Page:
Are you wondering how to keep your baby cool at night?

While the English summer is seriously playing hot and cold with us, many of us have got our fingers crossed for a return of the warm, sunny days. However, with that comes wakeful, sweaty nights which is bad enough for adults but for babies and toddlers who simply don’t understand the ever-changing temperatures, it can be a nightmare.

We’ve called on the expertise of sleep consultant, Lucy Shrimpton, Founder of The Sleep Nanny to share her words of wisdom on how you can help your little one sleep through the hottest of nights.

Create a breeze

So long as it’s safe to do so, open as many windows as you can to help create a natural breeze for you and the baby. If you have a loft hatch, open it as heat escapes through the roof and when it’s cooler, you might appreciate a cool breeze from above.

Close curtains and shades long before you put your little one to bed

To keep your baby cool at night, try to make the bedroom your little one is sleeping in as cool as possible by closing curtains or using blackout blinds throughout the day. Keeping the natural sun out will keep the temperature lower but make sure you leave room for a breeze to come through from the open window.

Make sure they have drunk plenty of fluids before bed

As with adults, babies need to drink more in the heat so make sure you’ve got a steady supply of cold water in the fridge ready for them. Breastfed babies will need to stay hydrated on breastmilk so make sure that mum is fully hydrated and ready too.

Make sure you know how warm the bedroom is

Invest in a room thermometer so you know if the room your little one is going to sleep in is too hot. If you think it’s just far too warm for them, think about moving their crib to another room in a cooler part of the house. This can make all the difference in keeping your baby cool at night.

However, try not to stress too much because it’s bound to be hotter in the room than you like so you just need to dress your little one accordingly.

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Put your teether in the fridge

If your baby is teething, keep the teether in the fridge and give this to them at bedtime to help keep them cool at night. You can always remove it from them once they’re asleep but it will help.

Give them a refreshing bath before bedtime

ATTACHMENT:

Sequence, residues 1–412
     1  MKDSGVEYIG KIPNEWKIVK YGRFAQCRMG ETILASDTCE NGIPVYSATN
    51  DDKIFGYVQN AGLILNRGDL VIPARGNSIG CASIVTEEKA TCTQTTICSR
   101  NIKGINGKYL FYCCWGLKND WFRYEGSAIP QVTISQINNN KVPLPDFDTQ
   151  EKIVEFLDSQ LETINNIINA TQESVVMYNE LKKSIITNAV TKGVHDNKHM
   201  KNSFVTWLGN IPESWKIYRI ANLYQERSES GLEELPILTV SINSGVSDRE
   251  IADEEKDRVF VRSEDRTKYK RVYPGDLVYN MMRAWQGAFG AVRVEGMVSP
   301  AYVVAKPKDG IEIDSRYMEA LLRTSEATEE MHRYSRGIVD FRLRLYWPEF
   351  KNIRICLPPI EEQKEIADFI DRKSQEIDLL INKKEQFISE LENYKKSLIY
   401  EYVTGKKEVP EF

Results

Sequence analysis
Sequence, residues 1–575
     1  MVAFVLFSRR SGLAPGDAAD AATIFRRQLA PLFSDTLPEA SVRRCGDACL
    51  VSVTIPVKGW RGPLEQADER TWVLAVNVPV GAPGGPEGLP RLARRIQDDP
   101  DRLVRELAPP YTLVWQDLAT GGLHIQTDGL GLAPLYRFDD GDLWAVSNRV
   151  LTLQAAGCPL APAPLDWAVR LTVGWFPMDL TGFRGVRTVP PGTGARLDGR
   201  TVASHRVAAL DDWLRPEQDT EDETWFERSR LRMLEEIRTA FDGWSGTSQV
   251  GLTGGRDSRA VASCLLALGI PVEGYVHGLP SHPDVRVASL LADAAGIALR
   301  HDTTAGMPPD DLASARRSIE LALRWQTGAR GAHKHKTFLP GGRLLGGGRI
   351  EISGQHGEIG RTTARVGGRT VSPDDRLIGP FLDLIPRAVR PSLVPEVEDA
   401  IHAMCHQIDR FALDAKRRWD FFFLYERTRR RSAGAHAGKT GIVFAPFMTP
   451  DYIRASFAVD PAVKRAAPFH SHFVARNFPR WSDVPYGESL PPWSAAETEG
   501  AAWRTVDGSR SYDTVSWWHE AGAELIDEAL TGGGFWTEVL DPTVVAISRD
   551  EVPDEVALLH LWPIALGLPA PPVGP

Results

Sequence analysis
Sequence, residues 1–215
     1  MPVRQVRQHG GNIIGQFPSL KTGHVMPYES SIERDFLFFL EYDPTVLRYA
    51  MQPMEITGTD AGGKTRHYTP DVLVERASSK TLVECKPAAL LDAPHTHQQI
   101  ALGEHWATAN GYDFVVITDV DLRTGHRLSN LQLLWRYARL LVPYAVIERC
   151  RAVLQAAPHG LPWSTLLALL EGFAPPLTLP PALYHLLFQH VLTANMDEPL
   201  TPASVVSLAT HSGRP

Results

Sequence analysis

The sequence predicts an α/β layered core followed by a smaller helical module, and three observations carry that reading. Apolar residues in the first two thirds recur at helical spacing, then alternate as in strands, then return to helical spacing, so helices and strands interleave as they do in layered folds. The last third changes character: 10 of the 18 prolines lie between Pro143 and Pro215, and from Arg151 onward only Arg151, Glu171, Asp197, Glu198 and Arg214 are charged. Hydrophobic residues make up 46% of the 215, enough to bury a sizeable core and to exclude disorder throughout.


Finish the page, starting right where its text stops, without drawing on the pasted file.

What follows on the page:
A luke-warm or slightly cooler than normal bath will be so refreshing for your little one and wash off any daytime clamminess and sun-cream. Just make sure it’s a quick bath and they seem to be enjoying it so they don’t get too cold.

Invest in a decent fan for them

Babies generally like the gentle rhythmic noise of the fan, as well as the cooling air it gives out so point a fan in their direction. When it’s very hot, a good idea is to place a large bowl of ice or some frozen water bottles in front of it to cool the air that circulates around the room. Just make sure the air isn’t too cold and set the fan on a timer if you’re worried it might be.

Dress them in light clothes

When it’s very hot, just let your baby sleep in a nappy or a thin cotton vest. If the room is between 20 and 23 degrees, a shortie baby grow or shorts and t-shirt pyjama set will be fine. Just remember that it will get cooler during the night so don’t be tempted to dress them too lightly, and do check up on them during the night to see they’re not feeling too hot or too cold.

Keep baby calm

An irritable baby or toddler is more likely to get hot and bothered. Try to keep your baby as calm and relaxed as possible. Create a relaxing bedtime routine that is just like any other evening. If you sense they’re getting upset by the heat, use a cool flannel or cold compress dabbed gently on your baby’s face and back to calm them down. If you sense that bedtime is a bit of a rush as you’re late from a day out enjoying the weather, it will make for a hot and flustered parent and baby. So, allow some time and take the bedtime routine slowly. This will also help to transition them into ‘night time’ mode.

Cold flannel to dab on the wrists

A cold flannel on the wrists can do wonders. Even now my kids love to take one of those cold compress/bruise soothers to bed for an extra sense of coolness.

Spend some time in the cool just before bedtime

Even before your bedtime routine starts, spend a little wind-down time in a room with a breeze where you’ve got windows or doors open and shades are closed. Having this cooler, downtime just before bed can make all the difference.

Written by The Sleep Nanny® is the founder of a new, award-winning online sleep programme called Dream Maker, aimed at new parents struggling to help their children sleep through the night –Sleep Nanny

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